SECTION 1 DECLARATION OF STATE OWNERSHIP. The state of Washington asserts its ownership to the beds and shores of all navigable waters in the state up to and including the line of ordinary high tide, in waters where the tide ebbs and flows, and up to and including the line of ordinary high water within the banks of all navigable rivers and lakes: Provided, that this section shall not be construed so as to debar any person from asserting his claim to vested rights in the courts of the state.

And when all else fails, this indicates that your Federal rights must be acknowledged:

SECTION 2 SUPREME LAW OF THE LAND. The Constitution of the United States is the supreme law of the land.
 

_WW_

Geriatric Skagit Swinger
#24
As written in the Washington State Constitution:

SECTION 2 SUPREME LAW OF THE LAND. The Constitution of the United States is the supreme law of the land.
Unless, of course, it involves marijuana. In which case the feds get the finger! :)
 

GAT

Dumbfounded
#26
Unless, of course, it involves marijuana. In which case the feds get the finger! :)
That's an interesting point. Of course the Washington Constitution was written far before any federal drug laws showed up and I wonder if the fed drug laws are actually in the US Constitution? I thought all States had to ratify any change to the US Constitution... I don't remember that happening.
 
#27
GAT, if you think the beaches are public land, be sure to take your lawyer with you on your next SRC trip. Most of the tidelands in the state are deeded to the landowner and they win trespassing convictions.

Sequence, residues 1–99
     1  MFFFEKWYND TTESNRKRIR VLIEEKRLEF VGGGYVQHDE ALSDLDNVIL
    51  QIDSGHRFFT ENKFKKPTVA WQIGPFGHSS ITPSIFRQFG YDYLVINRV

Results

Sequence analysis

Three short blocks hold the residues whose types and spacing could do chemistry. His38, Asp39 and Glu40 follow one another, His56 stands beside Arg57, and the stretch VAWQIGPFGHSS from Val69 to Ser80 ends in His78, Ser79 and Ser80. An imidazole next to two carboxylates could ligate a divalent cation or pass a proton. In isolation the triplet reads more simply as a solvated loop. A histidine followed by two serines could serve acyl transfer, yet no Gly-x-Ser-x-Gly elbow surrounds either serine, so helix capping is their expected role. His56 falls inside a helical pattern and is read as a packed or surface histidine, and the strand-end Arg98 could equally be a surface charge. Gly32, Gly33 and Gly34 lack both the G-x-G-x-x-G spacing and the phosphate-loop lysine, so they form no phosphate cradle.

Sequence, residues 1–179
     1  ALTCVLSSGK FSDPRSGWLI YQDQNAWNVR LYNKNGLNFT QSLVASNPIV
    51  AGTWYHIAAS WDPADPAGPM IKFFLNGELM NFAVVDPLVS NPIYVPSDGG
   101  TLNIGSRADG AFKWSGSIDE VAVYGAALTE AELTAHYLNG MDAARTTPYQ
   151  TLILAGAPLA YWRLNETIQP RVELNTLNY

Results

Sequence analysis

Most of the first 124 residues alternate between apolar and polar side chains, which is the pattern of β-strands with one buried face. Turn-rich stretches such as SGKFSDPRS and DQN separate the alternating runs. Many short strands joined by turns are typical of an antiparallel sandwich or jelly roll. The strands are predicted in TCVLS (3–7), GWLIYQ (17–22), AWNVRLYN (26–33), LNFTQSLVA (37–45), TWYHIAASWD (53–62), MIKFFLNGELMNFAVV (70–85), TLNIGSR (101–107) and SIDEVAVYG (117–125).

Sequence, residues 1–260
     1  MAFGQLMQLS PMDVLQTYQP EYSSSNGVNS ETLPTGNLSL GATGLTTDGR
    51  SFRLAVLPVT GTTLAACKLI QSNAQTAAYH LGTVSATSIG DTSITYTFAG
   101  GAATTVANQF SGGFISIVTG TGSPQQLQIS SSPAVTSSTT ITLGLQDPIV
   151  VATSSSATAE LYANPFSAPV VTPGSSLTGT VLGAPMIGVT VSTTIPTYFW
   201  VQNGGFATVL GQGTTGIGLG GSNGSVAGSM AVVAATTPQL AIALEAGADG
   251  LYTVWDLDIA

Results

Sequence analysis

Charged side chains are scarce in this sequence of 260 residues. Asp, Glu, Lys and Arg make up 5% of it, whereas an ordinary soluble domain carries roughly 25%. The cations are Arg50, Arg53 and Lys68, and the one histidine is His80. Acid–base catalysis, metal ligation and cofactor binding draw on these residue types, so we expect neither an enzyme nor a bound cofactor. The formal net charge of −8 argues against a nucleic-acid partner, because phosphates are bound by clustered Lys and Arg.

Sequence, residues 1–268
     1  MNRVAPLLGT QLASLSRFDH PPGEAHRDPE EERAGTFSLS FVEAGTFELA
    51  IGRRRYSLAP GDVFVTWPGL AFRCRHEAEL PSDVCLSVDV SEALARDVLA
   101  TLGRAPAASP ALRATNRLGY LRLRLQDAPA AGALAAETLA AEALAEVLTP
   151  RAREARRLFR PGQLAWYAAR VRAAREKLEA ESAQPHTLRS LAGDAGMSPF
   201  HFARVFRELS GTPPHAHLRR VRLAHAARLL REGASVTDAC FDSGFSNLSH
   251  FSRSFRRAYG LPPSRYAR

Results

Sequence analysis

#28
Can someone tell me how the camp ground guy on the Nisqually River stops people from walking up river to fish the gravel bar that is in front of his property? You can wade to get there but if your caught there he threatens you with fines and even tries to kick you out of his property.. I don't wanna pay a day use fee for walking within the high water line... Is there away around this?
 

GAT

Dumbfounded
#30
I don't know how you would handle it in Washington but in Oregon, we tell the fellow to go ahead and call the sheriff, we'll wait. And by the way, we want the guy's name so we can look up his deed.

If the sheriff does show up, you ask if they are aware of the river rights in the State and the US? Ask if the local DA is aware of river rights. Then ask if they are giving you a citation as a law enforcement officer and not that they are bringing the charges and not just the land owner. How does the sheriff know what the guy's deed indicates? How does he know if the guy even owns the land? He doesn't.

Make sure you get the information from the guy who claims he owns the land and the river because you plan to fight the charges.

There was a land owner in Oregon that was threatening river users and claiming he owned the river and the river bottom. Someone checked his deed and nowhere in the deed did it indicate he owned the river. In fact, it indicated he only owned the land to the normal high water make and nothing below it.

Now... don't be confrontational. If anything, be very polite but call the guy's bluff and tell him to go ahead and call the sheriff. It would also be nice if he could provide a copy of his deed because after all, anyone can claim they own land they don't.